Once you start expecting a Catholic Priest to be Catholic when will it end?

by Datechguy | March 15th, 2012

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Once you start expecting a Catholic Priest to be Catholic when will it end?

Father Z post on the story of Fr. Mar­cel Guarnizo who has appar­ently been sus­pended for respect­ing the sacra­ments and the rules of confession:

If a Quaker, a Lutheran or a Bud­dhist, desir­ing com­mu­nion had intro­duced him­self as such, before Mass, a priest would be oblig­ated to with­hold com­mu­nion. If some­one had shown up in my sac­risty drunk, or high on drugs, no com­mu­nion would have been pos­si­ble either. If a Catholic, divorced and remar­ried (with­out an annul­ment) would make that known in my sac­risty, they too accord­ing to Catholic doc­trine, would be impeded from receiv­ing com­mu­nion. This has noth­ing to do with canon 915. Ms. Johnson’s cir­cum­stances are pre­cisely one of those rela­tions which impede her access to com­mu­nion accord­ing to Catholic teach­ing. Ms. John­son was a guest in our parish, not the arbi­trer of how sacra­ments are dis­pensed in the Catholic Church.

Or to put it another way. If I present myself for com­mu­nion as a Catholic know­ing I need con­fes­sion I am com­mit­ting mor­tal sin, but the priest has no way of know­ing that. If the priest how­ever knew that was the case, then he is eth­i­cally obliged to with­hold com­mu­nion to not be com­plicit in Mor­tal Sin.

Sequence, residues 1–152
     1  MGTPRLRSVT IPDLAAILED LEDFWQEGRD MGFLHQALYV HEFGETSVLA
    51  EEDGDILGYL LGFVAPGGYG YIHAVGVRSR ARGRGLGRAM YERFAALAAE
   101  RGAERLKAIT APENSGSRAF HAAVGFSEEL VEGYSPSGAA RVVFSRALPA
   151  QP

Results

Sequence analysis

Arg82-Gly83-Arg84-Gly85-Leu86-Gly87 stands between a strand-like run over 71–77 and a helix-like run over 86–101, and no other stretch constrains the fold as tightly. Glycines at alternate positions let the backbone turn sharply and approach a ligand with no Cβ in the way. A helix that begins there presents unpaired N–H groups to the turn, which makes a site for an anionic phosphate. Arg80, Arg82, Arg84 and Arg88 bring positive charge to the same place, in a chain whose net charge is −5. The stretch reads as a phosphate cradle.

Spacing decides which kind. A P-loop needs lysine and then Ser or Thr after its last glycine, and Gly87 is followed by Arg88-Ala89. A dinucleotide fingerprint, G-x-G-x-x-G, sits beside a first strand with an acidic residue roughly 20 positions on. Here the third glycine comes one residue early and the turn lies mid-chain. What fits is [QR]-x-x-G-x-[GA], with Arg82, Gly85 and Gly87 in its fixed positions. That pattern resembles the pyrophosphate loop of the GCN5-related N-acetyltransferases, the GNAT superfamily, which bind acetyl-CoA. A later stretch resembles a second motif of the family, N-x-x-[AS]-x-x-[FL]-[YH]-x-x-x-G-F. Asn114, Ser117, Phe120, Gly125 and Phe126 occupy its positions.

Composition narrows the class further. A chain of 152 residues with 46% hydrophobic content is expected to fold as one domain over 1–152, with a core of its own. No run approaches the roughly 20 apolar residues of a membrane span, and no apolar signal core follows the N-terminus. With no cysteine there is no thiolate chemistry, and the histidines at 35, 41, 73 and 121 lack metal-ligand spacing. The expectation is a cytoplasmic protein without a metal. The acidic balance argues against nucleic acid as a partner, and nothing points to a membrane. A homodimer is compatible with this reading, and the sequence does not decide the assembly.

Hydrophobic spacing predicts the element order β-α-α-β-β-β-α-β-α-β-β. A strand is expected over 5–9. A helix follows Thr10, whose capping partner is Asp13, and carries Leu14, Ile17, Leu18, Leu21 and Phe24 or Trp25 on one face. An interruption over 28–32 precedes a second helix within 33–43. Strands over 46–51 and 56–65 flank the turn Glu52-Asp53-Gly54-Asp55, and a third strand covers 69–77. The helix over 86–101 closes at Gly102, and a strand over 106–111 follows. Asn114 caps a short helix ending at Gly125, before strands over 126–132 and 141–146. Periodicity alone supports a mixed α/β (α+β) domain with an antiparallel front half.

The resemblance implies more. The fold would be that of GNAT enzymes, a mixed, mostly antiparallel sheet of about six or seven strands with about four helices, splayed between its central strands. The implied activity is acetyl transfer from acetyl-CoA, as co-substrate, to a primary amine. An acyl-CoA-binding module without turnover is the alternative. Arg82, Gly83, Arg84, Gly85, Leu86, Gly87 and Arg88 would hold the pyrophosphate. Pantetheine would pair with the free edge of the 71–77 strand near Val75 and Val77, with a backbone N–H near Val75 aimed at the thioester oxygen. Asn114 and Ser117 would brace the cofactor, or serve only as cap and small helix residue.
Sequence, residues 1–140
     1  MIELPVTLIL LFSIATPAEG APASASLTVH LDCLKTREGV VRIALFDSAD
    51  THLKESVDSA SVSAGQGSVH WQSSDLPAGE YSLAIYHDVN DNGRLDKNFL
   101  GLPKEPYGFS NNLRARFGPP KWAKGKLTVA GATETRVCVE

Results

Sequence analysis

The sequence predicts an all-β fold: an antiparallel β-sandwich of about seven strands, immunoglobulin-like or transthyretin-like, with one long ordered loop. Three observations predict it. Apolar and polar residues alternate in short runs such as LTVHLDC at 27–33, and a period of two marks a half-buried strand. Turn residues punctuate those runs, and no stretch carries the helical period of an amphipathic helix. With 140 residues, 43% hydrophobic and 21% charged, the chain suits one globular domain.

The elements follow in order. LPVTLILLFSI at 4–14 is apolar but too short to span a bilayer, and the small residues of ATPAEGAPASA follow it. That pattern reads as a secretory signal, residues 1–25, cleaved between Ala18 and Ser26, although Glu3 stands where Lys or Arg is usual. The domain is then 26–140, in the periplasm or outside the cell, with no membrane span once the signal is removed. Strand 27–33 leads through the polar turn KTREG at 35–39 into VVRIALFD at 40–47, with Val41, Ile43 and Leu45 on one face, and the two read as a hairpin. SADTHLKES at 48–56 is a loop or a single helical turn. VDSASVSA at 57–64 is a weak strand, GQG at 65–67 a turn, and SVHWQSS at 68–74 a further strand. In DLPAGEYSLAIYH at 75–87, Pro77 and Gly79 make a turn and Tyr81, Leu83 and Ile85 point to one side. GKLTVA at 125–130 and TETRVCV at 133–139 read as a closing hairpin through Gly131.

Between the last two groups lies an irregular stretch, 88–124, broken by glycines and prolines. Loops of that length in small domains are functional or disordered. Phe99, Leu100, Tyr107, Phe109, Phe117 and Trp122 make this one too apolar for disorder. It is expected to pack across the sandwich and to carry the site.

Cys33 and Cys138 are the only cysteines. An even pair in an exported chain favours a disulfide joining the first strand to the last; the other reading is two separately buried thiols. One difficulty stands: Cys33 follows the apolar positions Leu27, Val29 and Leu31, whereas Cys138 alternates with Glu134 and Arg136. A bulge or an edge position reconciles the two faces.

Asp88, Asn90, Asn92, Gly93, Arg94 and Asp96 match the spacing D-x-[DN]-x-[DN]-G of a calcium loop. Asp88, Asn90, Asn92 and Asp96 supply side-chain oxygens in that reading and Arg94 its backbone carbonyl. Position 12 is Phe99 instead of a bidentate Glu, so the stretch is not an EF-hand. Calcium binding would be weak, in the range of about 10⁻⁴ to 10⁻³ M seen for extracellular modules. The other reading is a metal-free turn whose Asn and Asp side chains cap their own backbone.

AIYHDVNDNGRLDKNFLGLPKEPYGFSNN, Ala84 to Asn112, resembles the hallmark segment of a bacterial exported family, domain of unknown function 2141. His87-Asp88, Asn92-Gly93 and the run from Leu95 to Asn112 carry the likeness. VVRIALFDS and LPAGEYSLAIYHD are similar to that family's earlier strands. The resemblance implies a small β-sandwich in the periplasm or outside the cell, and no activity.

So what did Fr. Guarnizo know and when did he know it con­cern­ing the lady in ques­tion? Funny you should ask…

A few min­utes before the Mass began, Ms. John­son came into the sac­risty with another woman whom she announced as her “lover”. Her rev­e­la­tion was com­pletely unsolicited.

and was not all that polite about it either:

As I attempted to fol­low Ms.Johnson, her lover stood in our nar­row sac­risty phys­i­cally block­ing my path­way to the door. I politely asked her to move and she refused.

It sounds to me like we have another San­dra Fluke, a per­son who was look­ing for con­fronta­tion and even worse, was using the occa­sion of a death of her mother to do so.

Fr. Guarnizo nails it here:

Ms. John­son was a guest in our parish, not the arbi­trer of how sacra­ments are dis­pensed in the Catholic Church.